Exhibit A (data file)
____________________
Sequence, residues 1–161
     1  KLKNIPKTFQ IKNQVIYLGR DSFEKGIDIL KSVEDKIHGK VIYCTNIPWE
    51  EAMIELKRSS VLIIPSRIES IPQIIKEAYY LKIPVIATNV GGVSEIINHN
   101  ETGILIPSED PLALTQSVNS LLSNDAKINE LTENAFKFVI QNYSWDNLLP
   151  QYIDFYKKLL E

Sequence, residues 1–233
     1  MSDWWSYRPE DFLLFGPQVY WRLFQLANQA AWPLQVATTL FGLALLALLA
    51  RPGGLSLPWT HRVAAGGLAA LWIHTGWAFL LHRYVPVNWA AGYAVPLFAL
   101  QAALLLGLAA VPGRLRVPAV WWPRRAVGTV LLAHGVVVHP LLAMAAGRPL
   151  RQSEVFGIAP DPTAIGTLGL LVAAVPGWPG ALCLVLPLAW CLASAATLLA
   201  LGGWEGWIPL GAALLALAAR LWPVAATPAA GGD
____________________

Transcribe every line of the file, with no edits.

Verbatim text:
Sequence, residues 1–161
     1  KLKNIPKTFQ IKNQVIYLGR DSFEKGIDIL KSVEDKIHGK VIYCTNIPWE
    51  EAMIELKRSS VLIIPSRIES IPQIIKEAYY LKIPVIATNV GGVSEIINHN
   101  ETGILIPSED PLALTQSVNS LLSNDAKINE LTENAFKFVI QNYSWDNLLP
   151  QYIDFYKKLL E

Sequence, residues 1–233
     1  MSDWWSYRPE DFLLFGPQVY WRLFQLANQA AWPLQVATTL FGLALLALLA
    51  RPGGLSLPWT HRVAAGGLAA LWIHTGWAFL LHRYVPVNWA AGYAVPLFAL
   101  QAALLLGLAA VPGRLRVPAV WWPRRAVGTV LLAHGVVVHP LLAMAAGRPL
   151  RQSEVFGIAP DPTAIGTLGL LVAAVPGWPG ALCLVLPLAW CLASAATLLA
   201  LGGWEGWIPL GAALLALAAR LWPVAATPAA GGD